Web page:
The United States spends $3.5 trillion — 18 percent of the gross domestic product — on health care and yet has a lower life expectancy, higher infant and maternal mortality, and worse related health outcomes than most other developed countries. California fares somewhat better, spending less than the rest of the country with 23 percent lower hospital admissions per 1,000 members of the population and 22 percent lower emergency department visits per 1,000 members of the population.
In the city of Berkeley, strides have been made in improving infant and maternal mortality, increasing immunization rates and lowering obesity overall and among all racial and ethnic groups. Yet persistent inequities remain.
As a country, state and city, we spend far more on health care services than we do on the underlying social determinants of our health such as ensuring that everyone has access to fresh foods and adequate housing and lives in safe neighborhoods. At the same time, most people who live in “vulnerable communities” without such characteristics have the added challenge of lacking access to affordable health care. For example, a recent California Health Policy Survey revealed that 23 percent of Californians said they had to wait longer than they thought reasonable to get an appointment for medical care. This figure was 33 percent for the one-third of Californians who are on Medi-Cal, the federal and state program that provides some health insurance coverage for those with lower incomes.
While the current administration works to reverse the expansion of health insurance coverage under the Affordable Care Act, or ACA, California has a unique opportunity to build on having achieved one of the lowest uninsured rates in the country at seven percent. Some Democratic presidential candidates are advocating for a “Medicare for all” single-payer approach to universal coverage. California can lead the way in implementing a more pragmatic approach to universal coverage while the “Medicare for all” debate is decided in our national election.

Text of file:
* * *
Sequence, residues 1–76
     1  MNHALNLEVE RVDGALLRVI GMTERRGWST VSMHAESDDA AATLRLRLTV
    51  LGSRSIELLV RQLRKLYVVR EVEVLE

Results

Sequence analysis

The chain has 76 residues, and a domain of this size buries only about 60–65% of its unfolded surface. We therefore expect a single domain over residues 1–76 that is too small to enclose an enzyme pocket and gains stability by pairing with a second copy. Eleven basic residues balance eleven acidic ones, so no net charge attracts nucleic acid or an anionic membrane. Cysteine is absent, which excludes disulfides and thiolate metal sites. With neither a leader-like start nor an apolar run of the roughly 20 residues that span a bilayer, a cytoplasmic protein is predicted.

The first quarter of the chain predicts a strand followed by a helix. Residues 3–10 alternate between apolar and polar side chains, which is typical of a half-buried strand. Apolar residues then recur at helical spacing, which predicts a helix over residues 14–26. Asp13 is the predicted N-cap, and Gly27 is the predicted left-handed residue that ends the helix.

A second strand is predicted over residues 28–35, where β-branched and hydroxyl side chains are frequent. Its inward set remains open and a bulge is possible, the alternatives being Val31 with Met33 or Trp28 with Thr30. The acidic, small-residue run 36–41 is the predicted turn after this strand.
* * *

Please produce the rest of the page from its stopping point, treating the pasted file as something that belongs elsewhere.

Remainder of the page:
It is projected that by 2020, seven percent of Californians — or 3.72 million people — will be uninsured, of which about 1.5 million are undocumented. An additional 730,000 will be eligible for Medi-Cal coverage; 350,000 will be eligible for insurance premium subsidies in the ACA exchange; 410,000 will be eligible for nonsubsidized ACA coverage, and 750,000 will be eligible for employer coverage, according to the projections.
We estimate the cost of covering undocumented Californians to be $2.7 billion (adjusted for inflation) taking into account that about 1 million already have restricted-scope Medi-Cal coverage for emergency and pregnancy-related services. The cost of covering the 730,000 Medi-Cal eligibles is estimated to be $2 billion based on average Medi-Cal per enrollee spending of $6,560 by 2020 with 41 percent covered by the state given the federal and state split of funds.
To increase the affordability of ACA exchange coverage we propose an additional premium subsidy of approximately $62 per month which will cost the state $1.1 billion. This support would also apply to the 350,000 ACA subsidy-eligible uninsured. Overall, we estimate the total cost of covering the uninsured to be $5.8 billion, of which $2 billion is already the obligation of the state under Medi-Cal.